The purpose of business intelligence (BI) tools and dashboards is to provide a simple way to make sense of complex data. Unfortunately, when trying to visualize data, many dashboard designers add further complexity into the process. A complex, cluttered dashboard not only looks terrible, but it’s also of no business use if you can’t make sense of the data it’s showing you.

Here I’ll take a look at 3 dashboard hacks and how you can use them to produce a simple, clean dashboard that enables users to make quick business decisions. In other words, so you can let your BI tool do what it’s supposed to do.

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Hack #1: Resist the temptation to be too “tricky”

Anytime I get a new toy, I feel exhilarated at the thought of trying out all the bells and whistles. Working on your first dashboard can produce the same feeling. Many BI software packages contain fancy graphical tools that allow the dashboard designer to change font color and size, add borders and backgrounds, or manipulate proximity and size of tables and charts. Unfortunately, if you don’t use a little self-restraint, it’s easy to get carried away in adding graphic embellishments. The result can be a dashboard design that is cluttered and confusing. This impairs anyone’s ability to read the dashboard and walk away with a clear understanding of the information disseminated.

Figure 1: This dashboard has way too many different font typefaces, treatments and colors, making it hard to read.

As a rule of thumb, I’d stick to a rule of “No more than 3.” That means don’t use any more than 3 of the following graphical parameters:

  • Font styles (font family, bold, italic, all caps, etc.)
  • Changes of shape (square cornered rectangle, round cornered rectangle, circle, etc.)
  • Colors (grays, blues, yellows, etc.)
  • Sizes (24 point title, 18 point subtitle, 9 point chart type, etc.)

Some people would cringe at the thought of using as many as 3 different font families. So remember: it’s OK to use only ONE font style … use one, two, even three styles. Just don’t use four or more. It will be too jarring to the eye.

Figure 2: This dashboard has only one typeface (Lucida Sans) used in only 3 different ways:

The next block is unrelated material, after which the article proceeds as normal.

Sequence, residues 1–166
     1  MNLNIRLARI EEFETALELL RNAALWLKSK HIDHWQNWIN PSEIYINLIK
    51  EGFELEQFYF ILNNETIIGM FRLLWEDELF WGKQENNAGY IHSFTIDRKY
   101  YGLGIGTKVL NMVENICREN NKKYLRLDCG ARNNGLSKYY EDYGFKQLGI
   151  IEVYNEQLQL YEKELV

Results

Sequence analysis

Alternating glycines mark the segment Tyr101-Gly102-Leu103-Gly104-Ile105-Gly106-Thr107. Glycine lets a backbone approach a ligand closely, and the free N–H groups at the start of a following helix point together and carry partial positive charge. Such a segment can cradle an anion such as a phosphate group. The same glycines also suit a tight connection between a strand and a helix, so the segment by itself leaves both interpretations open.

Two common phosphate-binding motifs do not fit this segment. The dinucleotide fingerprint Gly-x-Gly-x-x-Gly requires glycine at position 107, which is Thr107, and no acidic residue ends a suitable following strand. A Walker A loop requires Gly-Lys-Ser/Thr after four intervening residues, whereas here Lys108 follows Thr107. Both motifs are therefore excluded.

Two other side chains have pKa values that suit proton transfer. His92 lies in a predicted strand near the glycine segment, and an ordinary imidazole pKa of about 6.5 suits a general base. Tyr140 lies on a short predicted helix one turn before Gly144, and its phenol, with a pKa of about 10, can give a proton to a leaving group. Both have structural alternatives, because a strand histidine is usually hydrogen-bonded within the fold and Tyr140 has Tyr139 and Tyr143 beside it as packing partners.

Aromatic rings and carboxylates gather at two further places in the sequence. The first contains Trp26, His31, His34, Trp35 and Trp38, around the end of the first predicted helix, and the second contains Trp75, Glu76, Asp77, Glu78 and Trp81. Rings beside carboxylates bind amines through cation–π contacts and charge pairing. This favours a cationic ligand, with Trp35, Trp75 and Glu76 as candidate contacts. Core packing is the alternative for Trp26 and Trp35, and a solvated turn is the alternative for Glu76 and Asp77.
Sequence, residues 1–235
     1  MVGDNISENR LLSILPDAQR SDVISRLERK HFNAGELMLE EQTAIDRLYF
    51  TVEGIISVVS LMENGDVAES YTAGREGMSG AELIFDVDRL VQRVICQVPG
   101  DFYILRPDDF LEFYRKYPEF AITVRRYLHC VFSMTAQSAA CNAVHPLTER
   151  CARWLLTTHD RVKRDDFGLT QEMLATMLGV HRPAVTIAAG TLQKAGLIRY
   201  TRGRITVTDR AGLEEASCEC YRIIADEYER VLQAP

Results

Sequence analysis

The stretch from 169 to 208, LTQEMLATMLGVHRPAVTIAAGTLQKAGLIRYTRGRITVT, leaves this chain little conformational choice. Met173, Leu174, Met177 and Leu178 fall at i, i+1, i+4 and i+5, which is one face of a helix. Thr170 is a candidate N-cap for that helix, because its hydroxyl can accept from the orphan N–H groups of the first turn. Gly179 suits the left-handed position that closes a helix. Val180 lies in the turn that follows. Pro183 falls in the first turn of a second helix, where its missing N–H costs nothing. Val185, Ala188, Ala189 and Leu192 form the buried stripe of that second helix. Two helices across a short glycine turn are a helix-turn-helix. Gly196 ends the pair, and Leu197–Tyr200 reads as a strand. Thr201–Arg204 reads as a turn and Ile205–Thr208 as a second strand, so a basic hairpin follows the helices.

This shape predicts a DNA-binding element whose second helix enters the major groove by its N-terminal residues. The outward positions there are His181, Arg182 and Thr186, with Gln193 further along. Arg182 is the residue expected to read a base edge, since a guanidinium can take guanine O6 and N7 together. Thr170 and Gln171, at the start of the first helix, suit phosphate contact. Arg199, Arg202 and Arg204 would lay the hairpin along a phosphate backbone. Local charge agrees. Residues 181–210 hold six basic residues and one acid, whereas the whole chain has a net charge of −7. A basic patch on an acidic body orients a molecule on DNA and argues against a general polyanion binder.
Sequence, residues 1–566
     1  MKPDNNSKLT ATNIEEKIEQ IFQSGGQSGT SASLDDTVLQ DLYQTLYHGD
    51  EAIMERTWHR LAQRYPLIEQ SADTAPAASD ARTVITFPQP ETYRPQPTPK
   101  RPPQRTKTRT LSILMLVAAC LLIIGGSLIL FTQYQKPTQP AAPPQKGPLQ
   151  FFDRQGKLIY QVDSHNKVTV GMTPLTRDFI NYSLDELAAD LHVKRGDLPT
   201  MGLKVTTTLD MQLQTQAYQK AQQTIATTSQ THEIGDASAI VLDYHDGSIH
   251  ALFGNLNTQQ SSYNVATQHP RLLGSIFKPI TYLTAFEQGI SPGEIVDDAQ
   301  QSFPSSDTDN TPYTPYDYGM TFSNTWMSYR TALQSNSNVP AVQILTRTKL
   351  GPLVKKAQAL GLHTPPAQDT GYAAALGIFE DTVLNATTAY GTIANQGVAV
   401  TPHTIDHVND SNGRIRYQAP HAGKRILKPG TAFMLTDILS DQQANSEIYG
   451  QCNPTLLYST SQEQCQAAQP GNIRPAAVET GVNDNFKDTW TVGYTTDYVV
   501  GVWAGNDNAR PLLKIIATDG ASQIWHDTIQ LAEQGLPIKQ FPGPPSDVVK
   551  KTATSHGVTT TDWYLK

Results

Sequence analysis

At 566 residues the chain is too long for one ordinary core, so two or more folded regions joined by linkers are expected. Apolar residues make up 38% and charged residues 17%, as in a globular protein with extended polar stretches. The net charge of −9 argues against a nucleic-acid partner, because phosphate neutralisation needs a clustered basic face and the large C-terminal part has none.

1. Variations of case: all caps or upper and lower case
2. Variations of size: chart size and heading size
3. Variations of color: black, blue or white

Hack #2: Don’t do the same drill-down over and over again

Once users get a hold of their dashboards, new questions arise and they start digging down into the data. This is a good thing! Business intelligence tools were designed to help you make sense of your data and answer the questions you have. However, over time you may find that you are doing the same digging (and digging, and digging) to get to the same data points.

If this is the case, it only makes sense to set your result to the top level of your dashboard so you have your answer right away without having to do the same drill-down over and over again.

Figure 3: Quickviews allow dashboard designers to facilitate the effect of “Diving” into data without changing screens.

Hack #3: Don’t settle for any old table or chart… make your data pop!

It can be difficult to fit a lot of data onto one dashboard, especially with the variety of media people can use to view their data. With an increasing number of users turning to mobile devices as their “go to” working device, the amount of dashboard real estate is shrinking.

One great way to deal with a smaller physical space is to summarize the information with a chart. However, there are times when individual numbers are just more important than summaries are. In these cases, tables may be your best option to display the data.

The type of chart you select is important too. Let’s take a look at one example…

Figures 4 and 5: Count of countries from which individuals have accessed the Dimensional Insight blog shown as both a pie chart and a line chart.

In the example above, the pie chart clearly shows that year 3 had more countries visiting our blog than did years 1 and 2. However, the use of the pie chart makes it difficult to determine whether year 1 or year 2 had hits from more countries than the other year. The line chart clearly shows that the spread of interest in our blog has consistently grown year over year and does not jump up and down in popularity.

In addition, pie charts should only be used to show percentages that add up to 100% or parts that add up to a whole. In this example, our countries represented in year 1 (2012) are most likely all also included in year 3 (2014), so the pieces actually add up to more than the total number of countries that have ever visited our blog.

For more information

Make sure the visualization type you are using is appropriate for disseminating the data the user needs to know. You may want to refer to “Selecting the Right Charts and Indicators for Visually Impactful Dashboards,” which is a great in-depth article on selecting the right chart type.

Creating dashboards can be time-consuming so you want to make sure your users actually use the end product. Use these 3 dashboard hacks and you’ll be on your way to a dashboard that is not only easy to understand, but also enjoyable to view.

Rose Weinberger, MBA